After that I was off to the university’s experimental grounds to help set up furnaces and get ready for casting. The centre boasts a Mesolithic house, along with metalworking furnaces in varying states of decay. There are separate areas set aside for flint knapping, firing pottery, and active metalworking projects. The members of Umha Aois had already started building a variety of furnaces that included ones heated from below, from the side, and another with a tuyere that had a 90 degree bend that blew the air directly onto charcoal covering a flat, pan-shaped crucible. I worked at a portable ceramic furnace that was brought to the site by Fiona Coffey. It was set up inside Billy Mag Floinn’s newly constructed traveller’s tent. Despite it being wind and waterproof, the flaps ventilated it well and we kept warmer than the others who were set up under a tarp outside.
At lunch I was presented with a birthday cake. Surprisingly no one had anything bigger to cut it with than a pocket knife. The only solution was to get one of Billy’s bronze swords and carefully slice it. It was a most memorable birthday.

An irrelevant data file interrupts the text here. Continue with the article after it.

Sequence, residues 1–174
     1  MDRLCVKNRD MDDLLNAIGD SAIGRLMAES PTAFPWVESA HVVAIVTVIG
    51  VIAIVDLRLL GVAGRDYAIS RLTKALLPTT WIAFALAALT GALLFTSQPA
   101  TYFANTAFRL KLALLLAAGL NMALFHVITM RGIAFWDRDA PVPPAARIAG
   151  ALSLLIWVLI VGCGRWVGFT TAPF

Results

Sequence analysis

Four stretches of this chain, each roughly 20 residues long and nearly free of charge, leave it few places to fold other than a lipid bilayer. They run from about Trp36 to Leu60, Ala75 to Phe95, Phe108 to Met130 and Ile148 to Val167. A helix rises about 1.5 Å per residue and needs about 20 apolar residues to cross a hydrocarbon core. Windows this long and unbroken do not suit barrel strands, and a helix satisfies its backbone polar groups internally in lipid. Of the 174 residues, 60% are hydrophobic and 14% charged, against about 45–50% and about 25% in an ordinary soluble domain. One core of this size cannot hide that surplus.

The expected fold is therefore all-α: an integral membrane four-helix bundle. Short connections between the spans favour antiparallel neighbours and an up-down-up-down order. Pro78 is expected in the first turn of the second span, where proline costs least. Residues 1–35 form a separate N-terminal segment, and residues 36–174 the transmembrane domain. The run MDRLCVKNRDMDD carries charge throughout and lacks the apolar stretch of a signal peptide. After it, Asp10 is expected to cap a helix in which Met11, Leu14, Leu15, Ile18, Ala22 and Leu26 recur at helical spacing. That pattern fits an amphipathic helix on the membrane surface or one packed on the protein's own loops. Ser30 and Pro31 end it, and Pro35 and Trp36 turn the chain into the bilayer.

Bronze objects that had been created by the members of Umha Aois were on display, including swords, horns, tools, spears, and stone moulds. We spent the day casting axes, jewellery, tools, and more. There was a constant flood of visitors and regular announcements were made when one of us was ready to pour. For most of the day it was standing room only. The casting events continued all afternoon and into the evening.
Rather than head straight back to Sheffield the next day, I had arranged to see the Bishopsland Hoard and a hammer from the Garden Hill Hoard at the National Museum. I’d hoped that I could see some moulds, and to have some colleagues also examine the objects. Unfortunately emails were crossed and I just got to see the hoard and hammer. However, that was fascinating in itself, and I spent hours measuring, weighing, drawing, and photographing every detail of the artefacts.